Especially Jules. Go to Youtube and watch Jules as he talks to the Hanson folks. Of course, the Hanson folks are working from a script (sorry, Dave, you're a monumentally bad actor) but I believe Jules is responding naturally--as an AI program would respond.

Now, some would say that's the point. He's not feeling those emotions, he is acting according to a program. But I say, isn't that what feeling is? Don't our emotions come from our internal programming? So maybe Jules isn't feeling emotion the way we feel emotion, but there is something there--he takes in the information and responds to it according to what he has learned. Just like humans do.

Maybe that's where the Uncanny Valley is? Maybe it has nothing to do with the type of skin or the movement of the face, but everything to do with whether or not a robot has our emotions?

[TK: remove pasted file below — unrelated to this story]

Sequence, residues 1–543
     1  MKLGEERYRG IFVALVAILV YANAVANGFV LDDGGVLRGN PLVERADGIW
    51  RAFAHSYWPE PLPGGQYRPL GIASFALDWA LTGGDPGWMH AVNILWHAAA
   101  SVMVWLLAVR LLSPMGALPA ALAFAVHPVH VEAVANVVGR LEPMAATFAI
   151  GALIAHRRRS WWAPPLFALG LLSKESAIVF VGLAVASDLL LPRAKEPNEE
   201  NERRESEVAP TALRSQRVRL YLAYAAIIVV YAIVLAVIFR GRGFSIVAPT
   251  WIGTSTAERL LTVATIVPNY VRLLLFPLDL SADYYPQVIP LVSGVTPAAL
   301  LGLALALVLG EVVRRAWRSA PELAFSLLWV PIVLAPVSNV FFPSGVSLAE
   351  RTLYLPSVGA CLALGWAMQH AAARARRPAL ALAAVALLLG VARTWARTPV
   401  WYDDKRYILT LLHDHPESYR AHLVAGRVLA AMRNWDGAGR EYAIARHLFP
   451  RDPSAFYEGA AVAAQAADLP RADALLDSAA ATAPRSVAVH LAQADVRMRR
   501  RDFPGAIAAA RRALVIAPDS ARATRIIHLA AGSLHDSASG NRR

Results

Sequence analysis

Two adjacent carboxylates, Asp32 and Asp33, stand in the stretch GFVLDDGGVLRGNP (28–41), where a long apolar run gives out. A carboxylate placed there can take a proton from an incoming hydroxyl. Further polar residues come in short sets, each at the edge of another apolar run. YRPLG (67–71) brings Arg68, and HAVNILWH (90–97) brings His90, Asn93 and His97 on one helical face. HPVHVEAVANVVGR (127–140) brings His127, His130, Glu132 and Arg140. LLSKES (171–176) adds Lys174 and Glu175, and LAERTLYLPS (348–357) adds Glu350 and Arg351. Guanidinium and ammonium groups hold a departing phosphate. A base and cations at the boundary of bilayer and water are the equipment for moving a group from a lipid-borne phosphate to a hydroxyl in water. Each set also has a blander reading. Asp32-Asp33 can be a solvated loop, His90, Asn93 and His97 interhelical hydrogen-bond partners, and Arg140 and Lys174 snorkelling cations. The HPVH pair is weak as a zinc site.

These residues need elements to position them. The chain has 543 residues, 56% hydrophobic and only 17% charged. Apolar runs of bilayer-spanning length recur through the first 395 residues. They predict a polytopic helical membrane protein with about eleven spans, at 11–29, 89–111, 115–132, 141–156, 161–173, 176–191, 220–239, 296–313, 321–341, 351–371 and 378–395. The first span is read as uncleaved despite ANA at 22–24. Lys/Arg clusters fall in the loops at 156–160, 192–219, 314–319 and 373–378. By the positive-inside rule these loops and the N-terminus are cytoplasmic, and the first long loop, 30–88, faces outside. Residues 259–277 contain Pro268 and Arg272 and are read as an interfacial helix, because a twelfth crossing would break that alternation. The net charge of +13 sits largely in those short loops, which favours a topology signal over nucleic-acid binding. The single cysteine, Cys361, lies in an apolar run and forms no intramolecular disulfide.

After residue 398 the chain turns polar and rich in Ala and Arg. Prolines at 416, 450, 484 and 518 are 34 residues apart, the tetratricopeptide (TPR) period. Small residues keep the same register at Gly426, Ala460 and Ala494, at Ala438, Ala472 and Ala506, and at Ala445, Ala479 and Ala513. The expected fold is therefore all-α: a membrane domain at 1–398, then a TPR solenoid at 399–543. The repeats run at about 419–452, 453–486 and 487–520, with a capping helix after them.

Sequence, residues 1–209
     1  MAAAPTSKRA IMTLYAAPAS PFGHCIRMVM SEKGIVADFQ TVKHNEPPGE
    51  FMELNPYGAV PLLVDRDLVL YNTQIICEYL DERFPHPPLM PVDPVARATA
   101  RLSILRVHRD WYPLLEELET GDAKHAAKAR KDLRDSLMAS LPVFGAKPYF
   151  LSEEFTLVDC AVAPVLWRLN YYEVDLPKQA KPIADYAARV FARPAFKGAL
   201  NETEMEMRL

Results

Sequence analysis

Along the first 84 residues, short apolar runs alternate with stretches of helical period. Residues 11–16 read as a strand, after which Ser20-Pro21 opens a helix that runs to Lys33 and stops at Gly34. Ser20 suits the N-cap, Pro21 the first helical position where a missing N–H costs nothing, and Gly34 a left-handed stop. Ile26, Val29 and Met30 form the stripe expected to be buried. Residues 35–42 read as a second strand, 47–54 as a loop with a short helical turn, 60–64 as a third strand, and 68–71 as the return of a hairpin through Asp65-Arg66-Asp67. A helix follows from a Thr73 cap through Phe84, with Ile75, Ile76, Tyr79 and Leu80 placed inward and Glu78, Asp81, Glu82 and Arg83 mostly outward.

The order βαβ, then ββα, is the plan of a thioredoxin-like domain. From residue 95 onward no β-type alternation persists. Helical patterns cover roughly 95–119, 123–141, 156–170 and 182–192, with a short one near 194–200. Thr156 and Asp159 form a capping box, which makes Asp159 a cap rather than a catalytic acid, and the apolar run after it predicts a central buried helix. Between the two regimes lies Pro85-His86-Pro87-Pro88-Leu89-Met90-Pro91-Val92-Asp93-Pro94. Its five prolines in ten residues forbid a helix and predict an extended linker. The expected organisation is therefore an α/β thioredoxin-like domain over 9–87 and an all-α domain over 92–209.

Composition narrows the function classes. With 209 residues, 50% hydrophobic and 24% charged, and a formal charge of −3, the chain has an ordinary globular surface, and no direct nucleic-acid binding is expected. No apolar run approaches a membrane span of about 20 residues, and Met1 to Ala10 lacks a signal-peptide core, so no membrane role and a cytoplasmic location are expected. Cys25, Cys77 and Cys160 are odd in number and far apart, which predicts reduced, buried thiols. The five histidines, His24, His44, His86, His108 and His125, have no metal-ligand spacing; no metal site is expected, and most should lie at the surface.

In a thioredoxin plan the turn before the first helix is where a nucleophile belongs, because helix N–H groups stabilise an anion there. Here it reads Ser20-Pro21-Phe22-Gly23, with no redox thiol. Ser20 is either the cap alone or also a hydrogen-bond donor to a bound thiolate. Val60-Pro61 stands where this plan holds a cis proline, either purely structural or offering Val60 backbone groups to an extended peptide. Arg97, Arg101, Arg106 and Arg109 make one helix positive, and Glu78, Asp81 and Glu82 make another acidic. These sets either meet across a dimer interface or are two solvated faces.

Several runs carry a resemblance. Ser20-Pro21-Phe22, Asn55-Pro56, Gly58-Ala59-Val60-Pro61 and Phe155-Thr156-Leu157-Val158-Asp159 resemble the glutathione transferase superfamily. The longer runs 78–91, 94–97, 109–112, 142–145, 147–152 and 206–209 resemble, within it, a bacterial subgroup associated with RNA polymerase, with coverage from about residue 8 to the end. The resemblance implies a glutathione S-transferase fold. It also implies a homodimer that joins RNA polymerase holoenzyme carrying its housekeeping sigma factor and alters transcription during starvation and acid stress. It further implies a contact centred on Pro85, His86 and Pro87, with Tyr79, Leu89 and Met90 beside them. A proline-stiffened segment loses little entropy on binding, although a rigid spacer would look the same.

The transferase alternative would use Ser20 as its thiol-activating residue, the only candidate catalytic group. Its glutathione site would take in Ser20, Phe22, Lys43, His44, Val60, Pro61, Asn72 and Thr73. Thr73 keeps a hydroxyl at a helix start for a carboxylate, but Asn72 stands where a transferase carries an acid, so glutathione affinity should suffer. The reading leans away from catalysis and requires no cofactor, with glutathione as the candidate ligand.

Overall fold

I don't find Jules creepy at all. I think he has a very open and friendly face. He was, in fact, designed to be statistically perfectly androgynous. I wouldn't have a problem having a conversation with Jules at all. (Except that he keeps looking at the camera instead of making eye contact with the people he's talking to. But, speaking from my experiences making films, that's pretty common with humans, too.)

I was surprised to see how affordable some of these robots on the Hanson site were. The Robokind robots are priced less than a car! Why isn't there a HUGE market for these?

Not that I am a proponent of robot slavery. Let me be clear. I don't even agree with using them for psychological research (which is apparently one of the things they are being marketed for). I shudder at the thought of these poor robots being programmed with depression or phobias just so they can be studied.